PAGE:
The archaic seal mark really came to prominence on an even greater range of ceramic wares in the Qianlong period (1736-1795), largely ousting the regular script. Ceramic production at the Imperial kiln was enormous in the eighteenth century, it has been suggested that the painting of reign marks was entrusted to a very few calligraphers. The study of marks found on Yongzheng and Qianlong porcelain reveals certain distinctly recognisable hands.
Qianlong seal marks are often written in iron-red or gilt as well as underglaze blue. They can also be incised, stamped or moulded in relief. On a small group of porcelain, the so-called ‘Gu yue’ wares, puce and overglaze blue enamel marks appear. Seal marks can be found in a cartouche on the neck of a vase, where the seal has been broken up and is presented in a horizontal format from right to left.
The details of the calligraphy depend on the method used to apply the mark. These details also altered from one reign to the next, and sometimes these anachronistic quirks indicate if the mark is contemporary with the period rather than being nineteenth century or later. For example, during the Qianlong period, the six character ‘zhi’ (manufactured) when written in underglaze blue should have a small trident with five prongs. In the copies we usually find only three prongs. In the execution of the water radical of the Qing character there are similar anomalies in style that betray a later date. In genuine pieces the size of the seal should be in proportion to the base upon which it is written and the rows of the characters tend to be regular. The marks of the Yongzheng period often have a greater elegance than those of the Qianlong period, which can appear stilted. One common feature of the nineteenth century copies of the earlier Qing reigns, is that the characters are composed of ‘hollow lines’ filled with watery interiors, which are easily seen with a magnifying glass. These ‘hollow lines’ result from inferior mixing of the cobalt blue. It is also believed that the cobalt available in the nineteenth century was not of such good quality.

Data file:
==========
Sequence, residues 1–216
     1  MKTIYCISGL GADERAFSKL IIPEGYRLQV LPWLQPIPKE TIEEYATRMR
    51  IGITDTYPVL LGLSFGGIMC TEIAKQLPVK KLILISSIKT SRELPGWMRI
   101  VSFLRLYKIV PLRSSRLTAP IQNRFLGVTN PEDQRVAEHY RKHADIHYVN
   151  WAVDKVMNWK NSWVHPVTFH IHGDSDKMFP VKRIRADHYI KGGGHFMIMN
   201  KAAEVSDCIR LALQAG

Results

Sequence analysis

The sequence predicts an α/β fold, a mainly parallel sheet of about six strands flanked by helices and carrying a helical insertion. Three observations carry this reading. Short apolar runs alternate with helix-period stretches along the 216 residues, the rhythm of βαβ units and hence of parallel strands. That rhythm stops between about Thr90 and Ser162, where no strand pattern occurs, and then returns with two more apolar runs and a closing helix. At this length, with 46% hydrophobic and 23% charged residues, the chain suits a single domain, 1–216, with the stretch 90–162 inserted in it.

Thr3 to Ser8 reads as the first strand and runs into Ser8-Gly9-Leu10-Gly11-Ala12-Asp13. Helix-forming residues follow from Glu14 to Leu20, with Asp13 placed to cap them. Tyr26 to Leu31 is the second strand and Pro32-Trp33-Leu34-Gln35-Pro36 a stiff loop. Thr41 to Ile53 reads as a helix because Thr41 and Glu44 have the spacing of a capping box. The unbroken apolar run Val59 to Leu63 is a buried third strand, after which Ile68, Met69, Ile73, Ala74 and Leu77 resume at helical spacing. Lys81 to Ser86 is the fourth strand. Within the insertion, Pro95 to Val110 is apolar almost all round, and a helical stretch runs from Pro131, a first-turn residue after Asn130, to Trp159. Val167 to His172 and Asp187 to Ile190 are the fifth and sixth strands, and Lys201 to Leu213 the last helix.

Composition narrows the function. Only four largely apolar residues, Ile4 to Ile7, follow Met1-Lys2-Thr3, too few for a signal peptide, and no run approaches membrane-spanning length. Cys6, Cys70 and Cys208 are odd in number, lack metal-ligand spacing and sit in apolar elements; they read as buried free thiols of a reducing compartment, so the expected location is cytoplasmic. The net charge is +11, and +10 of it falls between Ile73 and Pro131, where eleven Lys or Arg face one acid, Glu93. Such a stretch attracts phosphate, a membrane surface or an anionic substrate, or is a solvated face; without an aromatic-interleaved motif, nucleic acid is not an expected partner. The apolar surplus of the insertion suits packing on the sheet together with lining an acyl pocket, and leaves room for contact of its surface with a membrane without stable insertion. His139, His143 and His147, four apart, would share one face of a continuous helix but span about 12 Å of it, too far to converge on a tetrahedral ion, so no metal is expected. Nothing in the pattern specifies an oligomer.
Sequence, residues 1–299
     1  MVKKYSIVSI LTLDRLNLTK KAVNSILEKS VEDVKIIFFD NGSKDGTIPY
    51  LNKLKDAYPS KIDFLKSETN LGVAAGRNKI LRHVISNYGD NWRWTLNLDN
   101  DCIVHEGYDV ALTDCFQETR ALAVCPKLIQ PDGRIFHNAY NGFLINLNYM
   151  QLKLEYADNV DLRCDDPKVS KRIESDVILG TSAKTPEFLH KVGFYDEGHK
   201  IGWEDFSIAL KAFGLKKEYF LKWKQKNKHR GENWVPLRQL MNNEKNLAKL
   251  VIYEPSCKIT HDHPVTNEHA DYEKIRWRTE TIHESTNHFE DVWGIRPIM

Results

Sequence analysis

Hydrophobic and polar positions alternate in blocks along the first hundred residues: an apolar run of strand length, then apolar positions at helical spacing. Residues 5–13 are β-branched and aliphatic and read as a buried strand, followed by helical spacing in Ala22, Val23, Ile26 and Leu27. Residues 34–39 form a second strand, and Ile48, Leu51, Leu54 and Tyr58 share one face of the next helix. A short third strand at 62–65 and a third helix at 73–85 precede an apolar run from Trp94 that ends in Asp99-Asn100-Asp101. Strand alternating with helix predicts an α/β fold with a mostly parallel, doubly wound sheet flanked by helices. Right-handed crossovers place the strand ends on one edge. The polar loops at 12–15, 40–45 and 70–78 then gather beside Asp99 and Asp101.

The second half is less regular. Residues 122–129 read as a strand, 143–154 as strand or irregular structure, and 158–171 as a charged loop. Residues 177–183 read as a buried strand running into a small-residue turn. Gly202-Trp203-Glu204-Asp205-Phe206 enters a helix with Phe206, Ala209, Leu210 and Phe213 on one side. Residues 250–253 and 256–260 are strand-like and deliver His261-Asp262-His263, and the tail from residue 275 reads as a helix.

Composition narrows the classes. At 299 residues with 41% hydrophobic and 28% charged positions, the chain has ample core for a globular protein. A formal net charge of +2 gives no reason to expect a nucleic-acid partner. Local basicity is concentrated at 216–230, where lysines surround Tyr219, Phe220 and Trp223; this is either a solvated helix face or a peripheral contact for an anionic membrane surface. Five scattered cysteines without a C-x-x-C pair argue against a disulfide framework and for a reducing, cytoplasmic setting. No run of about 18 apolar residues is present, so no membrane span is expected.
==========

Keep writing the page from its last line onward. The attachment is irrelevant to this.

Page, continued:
Comparing the underglaze-blue seal marks of the various Qing emperors, one can recognise distinct changes. These are especially noticeable in the ‘qing’ character and again, more prominently, in the water radical of this character. Typical forms of writing the water radical are shown below:
N.B. There are no recorded archaic seal marks on Kangxi porcelain.
Before 1800 and for a large part of the nineteenth century the Imperial factory employed specialist calligraphers, and as a result marks on imperial porcelain are extremely well written. In contrast the quality of the marks produced by the commercial factories, for private consumption, varied greatly. In some instances marks were not readily decipherable. Certain pieces bearing marks in aubergine enamel are thought to be items destined for burial rites and internment with the dead. This type of mark is often seen on a range of small yellow ground dishes decorated on the ‘biscuit’ with aubergine and green dragons.
In the reign of Jiaqing (1796-1820) and Daoguang (1820-1850) the bulk of the imperial wares are marked with the archaic seal, a continuation of its popularity from the Qianlong period. On the Xianfeng (1851-1861) imperial wares it is equally common to find the regular ‘kai-shu’ marks. In the last three reigns of the Qing period we find the seal script has all but vanished although there are a few Guangxu (1875-1908) pieces which are known to be modelled on a well-known type of the Jiaqing period which is inscribed with a poem on the preparation and drinking of good tea.
From the reign of Xianfeng (1851-1861) onwards a great many non-imperial wares bear perfunctory stamped marks in iron-red. These are of little calligraphic interest and the wares on which we find these marks are almost always of negligible quality.
Qing period marks are fascinating. Their more important characteristics are outlined above. This broad, and by no means exhaustive, categorization of the marks should form a good basis for further study.